The Apple digital home will continue to look different than non-Apple households. Apple households plan to buy a different set of consumer electronics products and services than non-Apple households. Some of the planned products are downright retro, so may come as a surprise to those who believe Apple households only use the most advanced, leading-edge technology.
Despite Apple’s efforts to engage and possibly convert Windows users through music – particularly with iPods – that direction is losing some steam. A higher percentage of Apple households plan to buy an Apple iPod than households without Apples. One in eight (13%) of Apple households plan to buy an iPod within the coming 12 months, stronger than the one in fifteen (7%) of non-Apple households similarly planning. This is not fantastic news for Apple, although these plans are notable, as iPods are included in the top 25 consumer electronics products or services non-Apple households plan to buy.
Apple’s strategy to draw new customers into its retail stores is working, and iPod is a big part of that.
- Households without Apple Home PCs that shop or buy at Apple’s retail stores are different from Apple Home PC households.
- 60% of non-Apple households that shop at Apple’s retail stores have an Apple iPod and 15% plan to buy one in the next 12 months. Apple iPods are a big draw for these retail shoppers. Among non-Apple households overall, whether they shop at Apple retail stores or not, only 7% have iPod purchase plans.
- 35% use a portable MP3 made by one of Apple’s competitors.
Knowing how generally advanced and electronics-savvy Apple households are, it may come as a surprise that the second-ranked product or service they plan to buy is a converter box for analog TVs. Looking more deeply, though, this product has been a surprise for governmental planners. After all, most PC households already have a subscription TV service. However, these households also have many, sometimes older, TVs and are plugged into the broadcast media enough to have heard the announcements.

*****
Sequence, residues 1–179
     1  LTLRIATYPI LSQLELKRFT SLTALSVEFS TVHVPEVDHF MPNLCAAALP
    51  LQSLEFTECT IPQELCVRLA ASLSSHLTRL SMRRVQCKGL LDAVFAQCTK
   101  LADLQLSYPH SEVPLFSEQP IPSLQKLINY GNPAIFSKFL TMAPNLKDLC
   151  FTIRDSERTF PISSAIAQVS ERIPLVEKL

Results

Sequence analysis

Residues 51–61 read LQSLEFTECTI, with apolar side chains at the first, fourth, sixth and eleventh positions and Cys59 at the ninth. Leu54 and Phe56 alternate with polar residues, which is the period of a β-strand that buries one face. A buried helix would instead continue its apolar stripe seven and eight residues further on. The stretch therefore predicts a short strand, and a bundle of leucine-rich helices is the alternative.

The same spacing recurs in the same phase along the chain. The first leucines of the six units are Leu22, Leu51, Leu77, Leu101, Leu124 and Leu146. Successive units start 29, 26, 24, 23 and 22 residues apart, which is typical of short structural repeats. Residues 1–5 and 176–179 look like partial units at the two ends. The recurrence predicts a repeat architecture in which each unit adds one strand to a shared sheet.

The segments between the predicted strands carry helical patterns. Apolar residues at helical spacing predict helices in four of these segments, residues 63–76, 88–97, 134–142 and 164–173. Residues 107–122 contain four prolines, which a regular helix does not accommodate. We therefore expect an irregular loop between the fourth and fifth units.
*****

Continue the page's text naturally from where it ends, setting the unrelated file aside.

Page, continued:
Film and box cameras?
Digital imaging plays a large part of the Apple household’s life. So, there may be some surprise that they are using disposable single-use cameras and getting any digital images from film processors, and more often than non-Apple households. More than one-third (36%) of Home PC households have a film camera they still use, typically in addition to a digital camera. Also, disposable single-use cameras meet the need for impulse images when one’s digital camera or cell phone camera is either inoperative or of too-low resolution.
Movies and videos and DVDs
The Internet is a big part of entertainment in both Apple and non-Apple households, with 76% and 75% agreeing with that statement, respectively. Videos on DVDs are a big part of that, and are behind usage and future plans. Currently, 50% of Apple households rent DVDs through outlets such as Netflix or Blockbuster; another 8% plan to do so in the coming 12 months. This is higher than among non-Apple households, where 45% of households rent today and 6% plan to do so within the coming year.
More from mobile
Apple notebook computers make up 64% of the installed base, compared to 45% of Windows PCs. Apple notebook users bring their Home notebooks out to more public locations than Windows mobile PC users, at 21% of Apple PCs compared with 12% of Windows PCs. So, it may be no surprise and no reflection on Apple’s battery technology that plans to purchase notebook batteries are stronger among Apple households than Windows households. At 9% of Apple households, the gap over Windows households is only slight, with 7% of Windows households having these purchase plans.